Indiana is the end point of a proposed 700-mile-long transmission line that would carry the equivalent of three Hoover Dams worth of wind energy from the Great Plains.
Houston-based Clean Line Energy Partners has started talking to prospective users of the aptly named Grain Belt Express transmission line, which it hopes to build by 2018.
The company says it could carry enough electricity to power 1.4 million homes a year, while its wind-derived energy would reduce carbon dioxide emissions by 10 million tons annually, compared with dirtier energy sources such as coal.
The privately funded, $2 billion line will start in Kansas and cross Missouri and Illinois before terminating at a substation in Sullivan County, about two miles into Indiana.
Indiana was chosen as the end point because of its well-developed transmission system that the Grain Belt line can link into, said project development manager Diana Coggin.
Only one landowner in Sullivan County would be directly affected by the transmission line, and Clean Line is discussing compensation with him, said Deann Talley, the county’s economic development director.
Two public meetings on the project were held last week at the Sullivan County 4-H Fairgrounds, and Clean Line officials briefed members of the General Assembly’s Regulatory Flexibility Committee on their plans Thursday at the Statehouse.
By reaching into Indiana, the proposed line could deliver electricity to Indianapolis and cities further east. Coggin said. Clean Line is talking to Indianapolis Power & Light about a possible electricity contract.
“While both wind and solar electricity production is becoming cheaper, fossil-fueled plants remain the most competitive both for base-load generation and for dispatchable energy, or power which can be turned on or off based upon customer need,” IPL spokeswoman Crystal Livers-Powers said in a statement.
Base-load generation refers to the need to produce electricity constantly, due to the “24/7” demand for power, Livers-Powers said. Wind energy is variable, depending on whether the wind is moving the huge blades that spin on wind turbines.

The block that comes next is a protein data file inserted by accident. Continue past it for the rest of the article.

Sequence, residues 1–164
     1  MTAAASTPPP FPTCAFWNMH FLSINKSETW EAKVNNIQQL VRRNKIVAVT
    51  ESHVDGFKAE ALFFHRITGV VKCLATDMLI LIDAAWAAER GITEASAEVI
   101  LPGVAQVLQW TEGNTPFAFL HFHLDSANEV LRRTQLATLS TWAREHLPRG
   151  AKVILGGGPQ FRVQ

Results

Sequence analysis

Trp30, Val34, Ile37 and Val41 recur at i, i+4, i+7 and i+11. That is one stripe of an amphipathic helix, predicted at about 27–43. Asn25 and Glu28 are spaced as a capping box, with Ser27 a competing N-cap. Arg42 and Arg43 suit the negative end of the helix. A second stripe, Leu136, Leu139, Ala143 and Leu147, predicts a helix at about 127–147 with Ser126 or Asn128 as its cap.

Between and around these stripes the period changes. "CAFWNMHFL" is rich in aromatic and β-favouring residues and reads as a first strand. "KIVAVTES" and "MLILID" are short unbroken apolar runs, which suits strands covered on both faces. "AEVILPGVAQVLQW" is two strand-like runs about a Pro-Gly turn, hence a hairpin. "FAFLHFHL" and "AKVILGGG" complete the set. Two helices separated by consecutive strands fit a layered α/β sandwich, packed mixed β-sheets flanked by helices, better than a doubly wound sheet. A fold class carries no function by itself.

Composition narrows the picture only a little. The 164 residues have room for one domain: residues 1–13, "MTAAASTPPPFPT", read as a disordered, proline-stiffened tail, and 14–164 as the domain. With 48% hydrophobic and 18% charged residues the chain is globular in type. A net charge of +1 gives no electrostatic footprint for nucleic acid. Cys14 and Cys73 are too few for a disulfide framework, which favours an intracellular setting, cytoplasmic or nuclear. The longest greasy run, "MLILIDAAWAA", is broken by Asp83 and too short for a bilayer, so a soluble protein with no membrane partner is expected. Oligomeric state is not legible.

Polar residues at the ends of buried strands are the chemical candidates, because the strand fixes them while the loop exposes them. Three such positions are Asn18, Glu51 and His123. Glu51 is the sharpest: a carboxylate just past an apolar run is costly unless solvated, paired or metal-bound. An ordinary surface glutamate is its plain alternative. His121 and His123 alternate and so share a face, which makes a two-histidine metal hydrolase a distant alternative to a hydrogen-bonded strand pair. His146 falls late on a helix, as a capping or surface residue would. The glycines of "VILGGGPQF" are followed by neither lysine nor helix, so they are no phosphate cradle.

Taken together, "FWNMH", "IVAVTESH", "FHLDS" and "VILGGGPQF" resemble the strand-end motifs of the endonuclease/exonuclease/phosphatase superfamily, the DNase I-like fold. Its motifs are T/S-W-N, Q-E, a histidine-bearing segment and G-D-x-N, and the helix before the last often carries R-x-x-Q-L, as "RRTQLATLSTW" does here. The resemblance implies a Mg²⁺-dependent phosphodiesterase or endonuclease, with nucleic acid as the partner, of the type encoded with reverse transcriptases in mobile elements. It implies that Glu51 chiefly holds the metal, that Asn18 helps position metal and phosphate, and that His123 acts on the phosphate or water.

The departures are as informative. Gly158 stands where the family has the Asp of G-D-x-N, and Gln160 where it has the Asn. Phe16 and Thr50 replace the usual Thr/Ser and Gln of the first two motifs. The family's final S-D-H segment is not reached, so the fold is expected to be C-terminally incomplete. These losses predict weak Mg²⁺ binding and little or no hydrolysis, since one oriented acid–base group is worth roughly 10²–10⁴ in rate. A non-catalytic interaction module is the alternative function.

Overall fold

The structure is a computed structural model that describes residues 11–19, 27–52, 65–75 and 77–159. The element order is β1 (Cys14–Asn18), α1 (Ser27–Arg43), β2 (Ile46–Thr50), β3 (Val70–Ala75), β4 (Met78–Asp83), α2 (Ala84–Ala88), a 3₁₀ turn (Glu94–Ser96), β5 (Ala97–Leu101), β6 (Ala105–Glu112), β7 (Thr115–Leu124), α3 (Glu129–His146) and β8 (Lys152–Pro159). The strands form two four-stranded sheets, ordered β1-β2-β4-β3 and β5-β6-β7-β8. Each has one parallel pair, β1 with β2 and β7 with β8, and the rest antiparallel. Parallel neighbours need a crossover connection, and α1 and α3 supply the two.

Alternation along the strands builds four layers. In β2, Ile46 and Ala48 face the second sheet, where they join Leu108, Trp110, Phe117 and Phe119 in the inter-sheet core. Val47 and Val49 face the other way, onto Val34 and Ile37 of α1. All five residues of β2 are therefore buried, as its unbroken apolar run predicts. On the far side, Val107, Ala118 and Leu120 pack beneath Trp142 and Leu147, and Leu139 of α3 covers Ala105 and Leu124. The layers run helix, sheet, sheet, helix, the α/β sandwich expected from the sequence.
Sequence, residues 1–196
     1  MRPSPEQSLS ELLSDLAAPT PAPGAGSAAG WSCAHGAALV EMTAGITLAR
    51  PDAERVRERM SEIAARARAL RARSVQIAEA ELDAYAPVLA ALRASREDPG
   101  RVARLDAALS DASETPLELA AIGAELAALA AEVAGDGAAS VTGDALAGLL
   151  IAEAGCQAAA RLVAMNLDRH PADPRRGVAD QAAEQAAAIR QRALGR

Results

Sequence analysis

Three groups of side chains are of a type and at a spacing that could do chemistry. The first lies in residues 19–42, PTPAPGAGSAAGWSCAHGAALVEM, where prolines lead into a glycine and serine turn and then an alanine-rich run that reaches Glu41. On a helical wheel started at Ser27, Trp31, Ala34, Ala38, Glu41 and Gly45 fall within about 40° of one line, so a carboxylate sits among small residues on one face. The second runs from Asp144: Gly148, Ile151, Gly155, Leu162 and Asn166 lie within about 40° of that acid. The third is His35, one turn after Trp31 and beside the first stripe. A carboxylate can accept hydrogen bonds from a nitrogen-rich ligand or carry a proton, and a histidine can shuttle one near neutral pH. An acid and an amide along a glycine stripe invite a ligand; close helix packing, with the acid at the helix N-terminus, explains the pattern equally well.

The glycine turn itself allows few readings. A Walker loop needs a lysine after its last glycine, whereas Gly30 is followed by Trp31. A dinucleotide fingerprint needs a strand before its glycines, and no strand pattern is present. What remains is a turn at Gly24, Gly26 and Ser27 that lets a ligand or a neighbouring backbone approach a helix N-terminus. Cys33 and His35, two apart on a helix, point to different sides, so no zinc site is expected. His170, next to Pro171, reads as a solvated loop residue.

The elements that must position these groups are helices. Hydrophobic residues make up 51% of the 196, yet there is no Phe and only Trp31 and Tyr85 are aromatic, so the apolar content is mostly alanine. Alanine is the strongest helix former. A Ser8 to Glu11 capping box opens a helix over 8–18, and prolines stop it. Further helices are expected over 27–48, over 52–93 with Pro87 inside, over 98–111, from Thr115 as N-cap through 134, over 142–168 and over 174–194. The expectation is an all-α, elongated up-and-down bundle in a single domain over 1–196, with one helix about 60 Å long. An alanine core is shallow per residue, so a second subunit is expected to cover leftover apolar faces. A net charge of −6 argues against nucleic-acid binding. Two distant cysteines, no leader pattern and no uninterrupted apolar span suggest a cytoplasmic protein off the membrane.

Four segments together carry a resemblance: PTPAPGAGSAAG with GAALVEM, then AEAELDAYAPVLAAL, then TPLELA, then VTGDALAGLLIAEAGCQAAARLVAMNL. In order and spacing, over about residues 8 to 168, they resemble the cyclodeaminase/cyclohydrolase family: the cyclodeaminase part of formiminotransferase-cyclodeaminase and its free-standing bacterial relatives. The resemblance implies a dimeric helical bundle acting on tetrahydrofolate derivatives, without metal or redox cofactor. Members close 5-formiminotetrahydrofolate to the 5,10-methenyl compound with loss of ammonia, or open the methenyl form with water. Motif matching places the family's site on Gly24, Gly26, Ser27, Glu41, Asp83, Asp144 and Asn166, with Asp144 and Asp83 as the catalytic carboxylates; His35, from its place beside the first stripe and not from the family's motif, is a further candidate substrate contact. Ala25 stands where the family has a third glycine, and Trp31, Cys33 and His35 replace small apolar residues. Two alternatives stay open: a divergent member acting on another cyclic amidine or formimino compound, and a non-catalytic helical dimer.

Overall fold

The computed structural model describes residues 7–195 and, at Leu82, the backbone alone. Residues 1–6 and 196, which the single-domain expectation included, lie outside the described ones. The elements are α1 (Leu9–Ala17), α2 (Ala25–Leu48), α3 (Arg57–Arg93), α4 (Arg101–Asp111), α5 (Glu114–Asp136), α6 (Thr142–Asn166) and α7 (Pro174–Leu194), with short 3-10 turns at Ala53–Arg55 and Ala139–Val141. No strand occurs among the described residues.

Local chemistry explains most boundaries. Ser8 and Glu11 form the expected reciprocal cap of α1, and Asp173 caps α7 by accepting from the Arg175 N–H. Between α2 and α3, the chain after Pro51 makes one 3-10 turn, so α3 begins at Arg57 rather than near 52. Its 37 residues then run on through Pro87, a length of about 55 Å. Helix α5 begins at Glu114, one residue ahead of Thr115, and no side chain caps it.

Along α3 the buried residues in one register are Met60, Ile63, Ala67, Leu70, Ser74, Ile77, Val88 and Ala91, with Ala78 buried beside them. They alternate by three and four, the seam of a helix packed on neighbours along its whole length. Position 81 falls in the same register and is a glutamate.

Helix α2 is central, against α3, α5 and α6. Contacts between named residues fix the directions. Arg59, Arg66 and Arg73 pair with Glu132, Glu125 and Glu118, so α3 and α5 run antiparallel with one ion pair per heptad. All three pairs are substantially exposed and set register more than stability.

Tony Samuel, president of Samuel Solutions Group, which is working with Clean Line on the project, said wind energy – which enjoys federal tax credits to developers – is cost-competitive with modern natural gas and coal-fired generation.
IPL has 300 megawatts of wind power in its portfolio and is awaiting regulatory approval to add 10 megawatts more, Livers-Powers said. By comparison, Clean Line says the Grain Belt Express will deliver 3,500 megawatts of wind power to consumers.
Indiana utilities have a voluntary goal of producing 10 percent of their energy from renewable sources by 2025. Other states have mandates requiring the purchase of renewable energy.
Clean Line’s paying customers will be utilities and wind farms, which will pay to transport energy on its high-voltage direct-current line. Customers won’t be secured until 2013, after which investors will be found to pay for construction.
The long-haul line is needed because the nation’s windiest areas in the Great Plains are far from major cities where most energy is consumed. Lack of transmission capacity is crimping the wind energy industry, Coggin said. Building the transmission line could spur $7 billion in investments in new wind farms in the Great Plains states, she said.
That should also create jobs in Indiana, which has about 200 companies that are part of the supply chain for wind turbines and transmission lines.
But the future of the subsidies that aid the wind energy industry is unclear.
Clean Line is seeking route approval and the authority to build the transmission line in the four states the line will traverse. It must also apply to the Indiana Regulatory Commission to become an Indiana utility.
Clean Line also plans three other transmission lines: an 800-mile line through Texas into the Southeast; a 900-mile line from New Mexico into Arizona and California; and a 500-mile line from Iowa and South Dakota to points east.
Star reporter Jeff Swiatek contributed to this report.
|Wind Watch relies entirely
on User contributions